Right-to-Work Comes to Delaware & the Northeast U.S.
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Sitting at a booth at Pizza King Restaurant on Stein Highway, Seaford Mayor David Genshaw stares at his coffee while stirring it. It has only been a short period of time since the big vote and another reason pops into his head. “While I was at work recently, the Governor was here in Seaford handing out coats to kids. I like the Governor personally, but the DuPont Corporation used to do that.”

Genshaw grew up in Seaford, Delaware. He and his wife, a fourth generation Seaford resident, have four kids. In addition to being mayor, he has a full-time job at a transportation company where he has worked for more than two decades. Genshaw appears to be younger than his years. His modesty and sincerity present a kind of George Bailey It’s a Wonderful Life figure. He knows many of the restaurant’s customers and employees. News has spread around town of the big decision that was made recently by the local government, and lots of residents have been congratulating him since.

Seaford has approximately seven thousand residents and is located in southwest Delaware. During summers, out-of-towners often stop at one of the city’s diners or fast food joints to get a bite to eat and fill up their cars with gas on the way to beach towns located a short distance away. It’s a town of friendly people who care for each other. Faith, love of country, and hard work remain core values despite the community’s challenges.

Seaford was once known as “The Nylon Capital of the World.” In its glory days, the local DuPont plant employed nearly 5,000 area workers. Seaford was a company town and the DuPont Corporation dominated city life and culture. The plant was the indispensable symbol of the city.

Bryant Richardson and his family have owned a number of local newspapers over several decades. His first job out of school was at the DuPont plant. Richardson, who began serving in the Delaware Senate in 2015 following a long career in publishing, recalls, “If you got to work a little bit late it was hard to find a place to park. Now, that parking lot is overgrown with weeds.”

Why have locals been congratulating Genshaw? Seaford’s City Council recently voted unanimously to make the city right-to-work, the first jurisdiction in Delaware and the entire Northeast United States to do so. Right-to-work allows employees to freely join or opt-out of unions without employment repercussions.

Genshaw says, “We’ve experienced some tough times. The majority of kids here are still on public assistance today. But we’re well positioned for a dramatic, Rocky-like comeback. We’ve made significant investments in the downtown waterfront. Electric, water, and sewer infrastructure are being upgraded. Local schools are starting to improve. We’re a local government focused on growth. We believe in the people and potential of Seaford. Right-to-work is a critical feature in attracting job-providers according to the overwhelming data. Corporate site selection can be dog-eat-dog, and this new policy will differentiate us from the competition. And it costs local taxpayers nothing.”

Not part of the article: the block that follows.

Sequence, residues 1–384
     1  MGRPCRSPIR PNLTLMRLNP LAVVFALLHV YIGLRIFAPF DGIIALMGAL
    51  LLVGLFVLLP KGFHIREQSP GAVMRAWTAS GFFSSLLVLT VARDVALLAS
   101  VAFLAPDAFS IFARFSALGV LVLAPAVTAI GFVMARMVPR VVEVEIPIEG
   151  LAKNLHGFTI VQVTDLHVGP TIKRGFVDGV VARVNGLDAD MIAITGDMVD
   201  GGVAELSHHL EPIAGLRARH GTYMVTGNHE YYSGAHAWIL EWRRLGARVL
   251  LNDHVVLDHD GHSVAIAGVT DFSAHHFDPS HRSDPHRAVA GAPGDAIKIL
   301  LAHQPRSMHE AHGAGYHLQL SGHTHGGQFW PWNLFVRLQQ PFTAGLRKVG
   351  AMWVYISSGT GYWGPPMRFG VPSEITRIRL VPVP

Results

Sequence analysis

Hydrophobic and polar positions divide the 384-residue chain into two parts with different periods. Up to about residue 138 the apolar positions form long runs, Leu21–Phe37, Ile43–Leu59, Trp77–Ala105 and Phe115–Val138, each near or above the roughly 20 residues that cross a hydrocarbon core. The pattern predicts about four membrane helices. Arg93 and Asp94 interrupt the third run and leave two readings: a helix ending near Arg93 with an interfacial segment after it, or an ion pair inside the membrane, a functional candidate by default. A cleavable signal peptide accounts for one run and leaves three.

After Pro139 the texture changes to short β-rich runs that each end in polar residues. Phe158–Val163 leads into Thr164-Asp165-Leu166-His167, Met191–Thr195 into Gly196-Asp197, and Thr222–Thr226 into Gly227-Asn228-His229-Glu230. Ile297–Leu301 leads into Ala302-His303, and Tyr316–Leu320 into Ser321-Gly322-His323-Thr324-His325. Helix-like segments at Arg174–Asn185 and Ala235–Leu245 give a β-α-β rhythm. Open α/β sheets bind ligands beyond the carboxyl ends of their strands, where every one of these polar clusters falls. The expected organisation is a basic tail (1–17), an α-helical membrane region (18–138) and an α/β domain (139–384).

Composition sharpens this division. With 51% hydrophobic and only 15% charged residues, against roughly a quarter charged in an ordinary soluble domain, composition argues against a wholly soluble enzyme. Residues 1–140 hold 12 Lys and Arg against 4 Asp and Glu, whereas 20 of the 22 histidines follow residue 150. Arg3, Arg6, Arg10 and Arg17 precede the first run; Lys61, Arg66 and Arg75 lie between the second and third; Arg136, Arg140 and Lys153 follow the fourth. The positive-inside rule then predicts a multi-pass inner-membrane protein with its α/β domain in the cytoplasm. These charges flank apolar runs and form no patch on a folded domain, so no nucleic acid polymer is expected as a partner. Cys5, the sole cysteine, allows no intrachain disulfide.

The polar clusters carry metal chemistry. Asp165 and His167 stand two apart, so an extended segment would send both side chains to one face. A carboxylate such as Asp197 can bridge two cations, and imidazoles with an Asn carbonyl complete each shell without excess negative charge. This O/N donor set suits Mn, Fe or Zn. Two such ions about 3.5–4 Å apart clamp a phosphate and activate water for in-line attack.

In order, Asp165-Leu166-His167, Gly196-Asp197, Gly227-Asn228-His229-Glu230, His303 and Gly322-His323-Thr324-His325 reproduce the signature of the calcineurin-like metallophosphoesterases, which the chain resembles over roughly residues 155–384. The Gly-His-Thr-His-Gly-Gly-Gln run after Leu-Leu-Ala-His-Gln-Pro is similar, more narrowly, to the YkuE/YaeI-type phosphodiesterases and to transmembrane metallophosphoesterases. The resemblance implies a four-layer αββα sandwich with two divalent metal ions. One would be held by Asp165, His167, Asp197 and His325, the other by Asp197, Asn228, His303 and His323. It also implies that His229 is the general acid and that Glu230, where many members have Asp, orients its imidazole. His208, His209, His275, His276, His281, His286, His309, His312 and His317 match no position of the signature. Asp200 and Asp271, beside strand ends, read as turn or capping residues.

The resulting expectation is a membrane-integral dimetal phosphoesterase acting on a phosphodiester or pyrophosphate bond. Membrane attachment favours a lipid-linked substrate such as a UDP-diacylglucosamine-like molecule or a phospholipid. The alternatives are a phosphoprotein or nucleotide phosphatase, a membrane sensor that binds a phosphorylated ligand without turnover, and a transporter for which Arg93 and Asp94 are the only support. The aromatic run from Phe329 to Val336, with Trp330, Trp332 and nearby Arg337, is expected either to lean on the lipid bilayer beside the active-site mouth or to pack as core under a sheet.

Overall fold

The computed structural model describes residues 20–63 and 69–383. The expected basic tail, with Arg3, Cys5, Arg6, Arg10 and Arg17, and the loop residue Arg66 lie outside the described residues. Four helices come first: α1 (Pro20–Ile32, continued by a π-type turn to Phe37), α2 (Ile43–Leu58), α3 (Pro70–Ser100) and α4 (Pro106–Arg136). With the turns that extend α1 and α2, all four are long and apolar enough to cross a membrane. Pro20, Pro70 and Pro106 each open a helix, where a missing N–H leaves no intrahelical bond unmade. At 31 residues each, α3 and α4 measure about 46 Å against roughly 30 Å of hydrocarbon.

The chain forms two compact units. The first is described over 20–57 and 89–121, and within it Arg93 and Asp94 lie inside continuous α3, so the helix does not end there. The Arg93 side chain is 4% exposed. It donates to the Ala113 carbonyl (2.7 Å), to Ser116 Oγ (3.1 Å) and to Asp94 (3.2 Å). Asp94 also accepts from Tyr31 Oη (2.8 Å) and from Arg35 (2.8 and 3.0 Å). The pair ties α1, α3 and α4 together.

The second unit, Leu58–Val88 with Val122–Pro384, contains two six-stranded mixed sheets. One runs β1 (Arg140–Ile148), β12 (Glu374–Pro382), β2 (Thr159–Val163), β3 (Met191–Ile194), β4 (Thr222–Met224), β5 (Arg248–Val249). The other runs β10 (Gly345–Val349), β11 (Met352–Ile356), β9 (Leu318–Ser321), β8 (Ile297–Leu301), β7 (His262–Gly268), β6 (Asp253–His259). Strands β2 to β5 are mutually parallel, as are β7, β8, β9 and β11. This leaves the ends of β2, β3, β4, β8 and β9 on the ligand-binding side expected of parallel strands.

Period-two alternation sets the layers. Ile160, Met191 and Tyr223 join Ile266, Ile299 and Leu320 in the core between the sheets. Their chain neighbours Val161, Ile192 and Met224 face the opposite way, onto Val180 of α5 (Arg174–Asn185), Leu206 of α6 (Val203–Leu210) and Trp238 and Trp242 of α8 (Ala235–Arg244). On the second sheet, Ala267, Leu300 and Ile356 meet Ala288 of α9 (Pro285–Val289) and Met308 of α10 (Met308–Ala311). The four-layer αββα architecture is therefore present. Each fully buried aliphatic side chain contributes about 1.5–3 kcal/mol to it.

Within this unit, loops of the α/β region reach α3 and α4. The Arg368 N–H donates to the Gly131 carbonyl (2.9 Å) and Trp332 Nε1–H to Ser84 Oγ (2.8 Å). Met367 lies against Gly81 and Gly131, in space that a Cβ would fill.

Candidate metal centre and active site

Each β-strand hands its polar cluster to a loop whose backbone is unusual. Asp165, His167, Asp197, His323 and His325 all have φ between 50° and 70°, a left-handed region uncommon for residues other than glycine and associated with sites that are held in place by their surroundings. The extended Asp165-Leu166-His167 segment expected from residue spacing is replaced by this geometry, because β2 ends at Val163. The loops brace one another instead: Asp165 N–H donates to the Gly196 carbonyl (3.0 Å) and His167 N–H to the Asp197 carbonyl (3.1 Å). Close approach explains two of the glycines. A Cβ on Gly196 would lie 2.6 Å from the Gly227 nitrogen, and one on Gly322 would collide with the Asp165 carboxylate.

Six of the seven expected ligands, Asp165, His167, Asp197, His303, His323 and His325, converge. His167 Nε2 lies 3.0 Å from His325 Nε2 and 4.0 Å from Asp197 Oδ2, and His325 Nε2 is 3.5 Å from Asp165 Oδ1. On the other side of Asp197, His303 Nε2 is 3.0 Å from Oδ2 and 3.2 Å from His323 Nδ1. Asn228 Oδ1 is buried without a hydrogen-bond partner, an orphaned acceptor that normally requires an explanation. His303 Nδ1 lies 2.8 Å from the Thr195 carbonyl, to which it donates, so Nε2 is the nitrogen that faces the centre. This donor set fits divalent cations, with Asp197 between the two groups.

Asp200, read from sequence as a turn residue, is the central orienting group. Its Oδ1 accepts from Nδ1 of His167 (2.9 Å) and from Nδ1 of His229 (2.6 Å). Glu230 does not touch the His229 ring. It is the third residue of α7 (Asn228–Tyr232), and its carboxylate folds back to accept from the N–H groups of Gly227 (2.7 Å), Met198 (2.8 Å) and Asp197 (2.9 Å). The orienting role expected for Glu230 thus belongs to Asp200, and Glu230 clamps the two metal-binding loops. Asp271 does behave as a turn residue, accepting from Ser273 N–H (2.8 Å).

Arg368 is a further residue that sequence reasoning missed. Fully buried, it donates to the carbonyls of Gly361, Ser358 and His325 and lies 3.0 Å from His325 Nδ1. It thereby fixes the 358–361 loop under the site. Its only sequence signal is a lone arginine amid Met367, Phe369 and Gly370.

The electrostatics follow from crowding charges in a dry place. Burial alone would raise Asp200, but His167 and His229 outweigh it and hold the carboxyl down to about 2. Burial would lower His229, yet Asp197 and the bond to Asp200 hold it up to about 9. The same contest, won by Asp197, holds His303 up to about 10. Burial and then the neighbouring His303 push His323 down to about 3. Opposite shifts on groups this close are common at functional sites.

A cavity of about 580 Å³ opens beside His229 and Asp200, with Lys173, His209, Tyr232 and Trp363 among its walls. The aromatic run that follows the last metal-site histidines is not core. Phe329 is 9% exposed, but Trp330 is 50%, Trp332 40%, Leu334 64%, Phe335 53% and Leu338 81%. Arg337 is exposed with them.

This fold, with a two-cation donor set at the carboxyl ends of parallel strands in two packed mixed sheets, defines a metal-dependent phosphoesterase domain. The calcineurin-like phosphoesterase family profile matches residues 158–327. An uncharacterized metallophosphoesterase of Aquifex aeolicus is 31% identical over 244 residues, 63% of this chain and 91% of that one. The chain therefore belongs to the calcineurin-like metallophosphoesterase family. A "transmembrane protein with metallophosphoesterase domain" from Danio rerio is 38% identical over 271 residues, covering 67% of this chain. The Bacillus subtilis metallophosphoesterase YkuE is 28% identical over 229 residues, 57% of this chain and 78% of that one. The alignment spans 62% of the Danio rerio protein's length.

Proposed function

Seaford’s vice-mayor and councilman Dan Henderson says, “A host of other measures are planned or underway, but adopting right-to-work may be the sharpest arrow in our quiver for targeting and attracting new business to Seaford. This is a powerful message to potential job providers that we want and value them and will aggressively compete for their investment here.”

Problems in Delaware are not limited to Seaford; they’re just more visible. A jobs and wage crisis exists in the state. Wage stagnation in Delaware is particularly alarming. According to a recent study, families in Delaware are making less on average than a decade and a half ago.

Anthony Wedo, a turnaround CEO and University of Delaware Professor of Leadership, says, “Delaware has lost tens of thousands of manufacturing jobs over the past several years. Delaware’s wages have gone backwards and it breaks my heart. Delaware families are really hurting and many here are having a tough time paying their car loans, making rent payments, affording their utility bills, and in some cases even buying groceries. Delaware’s last strategic plan for economic growth was the 1981 Banking Act (Financial Center Development Act) under the leadership of Governor Pete du Pont. The state thrived for 20 years creating thousands of good paying jobs. But that success has run its course. We need fresh, innovative ideas and courageous leadership. Mayor Genshaw and the City Council have demonstrated to us what real leadership means as they are focused on helping the people of Seaford, not a political agenda. The bottom line is Delaware is a great state with great people, but the leadership has left the citizens down!”

Seaford is now the first jurisdiction in the Northeast United States to become right-to-work. That’s an area of the country nearly 1,000 miles north to south, over 500 miles east to west, with sixty million Americans that have yet to experience true worker freedom. And given its proximity to Washington, Baltimore, Philadelphia, and major ports, along with solid infrastructure, low property taxes, no sales tax, and low real estate prices, Seaford is now poised for a great comeback.

Mayor Genshaw and the City Council have made a bold move. They are not waiting for D.C. or Dover to solve their problems. They now invite Corporate America and companies around the world to consider the new, unique value proposition of their city. They invite companies to relocate to their city, employ their hard-working residents, and together drive dramatic, long-term value.

Chuck Daniel is president of Caesar Rodney Institute (CRI), a Delaware-based policy organization.

 

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